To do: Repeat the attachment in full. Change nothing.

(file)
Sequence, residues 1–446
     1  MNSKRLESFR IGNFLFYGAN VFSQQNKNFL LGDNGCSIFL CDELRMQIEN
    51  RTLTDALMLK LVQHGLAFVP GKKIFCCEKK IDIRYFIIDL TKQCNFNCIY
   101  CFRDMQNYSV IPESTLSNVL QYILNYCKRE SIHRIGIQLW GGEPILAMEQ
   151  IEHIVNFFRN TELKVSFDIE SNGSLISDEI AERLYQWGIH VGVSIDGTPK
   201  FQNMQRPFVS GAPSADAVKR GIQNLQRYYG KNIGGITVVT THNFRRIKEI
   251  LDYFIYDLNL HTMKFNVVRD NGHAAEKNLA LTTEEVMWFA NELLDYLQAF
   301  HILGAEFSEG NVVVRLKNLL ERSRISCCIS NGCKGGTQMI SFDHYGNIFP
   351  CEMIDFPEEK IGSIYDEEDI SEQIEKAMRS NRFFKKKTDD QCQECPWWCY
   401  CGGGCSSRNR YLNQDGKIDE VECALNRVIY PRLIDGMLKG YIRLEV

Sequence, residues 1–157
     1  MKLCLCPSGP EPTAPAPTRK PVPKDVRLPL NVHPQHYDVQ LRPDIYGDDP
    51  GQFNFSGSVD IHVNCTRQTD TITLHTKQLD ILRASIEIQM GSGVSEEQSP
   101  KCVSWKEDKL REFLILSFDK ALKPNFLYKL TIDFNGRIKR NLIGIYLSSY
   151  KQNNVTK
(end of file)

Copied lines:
Sequence, residues 1–446
     1  MNSKRLESFR IGNFLFYGAN VFSQQNKNFL LGDNGCSIFL CDELRMQIEN
    51  RTLTDALMLK LVQHGLAFVP GKKIFCCEKK IDIRYFIIDL TKQCNFNCIY
   101  CFRDMQNYSV IPESTLSNVL QYILNYCKRE SIHRIGIQLW GGEPILAMEQ
   151  IEHIVNFFRN TELKVSFDIE SNGSLISDEI AERLYQWGIH VGVSIDGTPK
   201  FQNMQRPFVS GAPSADAVKR GIQNLQRYYG KNIGGITVVT THNFRRIKEI
   251  LDYFIYDLNL HTMKFNVVRD NGHAAEKNLA LTTEEVMWFA NELLDYLQAF
   301  HILGAEFSEG NVVVRLKNLL ERSRISCCIS NGCKGGTQMI SFDHYGNIFP
   351  CEMIDFPEEK IGSIYDEEDI SEQIEKAMRS NRFFKKKTDD QCQECPWWCY
   401  CGGGCSSRNR YLNQDGKIDE VECALNRVIY PRLIDGMLKG YIRLEV

Sequence, residues 1–157
     1  MKLCLCPSGP EPTAPAPTRK PVPKDVRLPL NVHPQHYDVQ LRPDIYGDDP
    51  GQFNFSGSVD IHVNCTRQTD TITLHTKQLD ILRASIEIQM GSGVSEEQSP
   101  KCVSWKEDKL REFLILSFDK ALKPNFLYKL TIDFNGRIKR NLIGIYLSSY
   151  KQNNVTK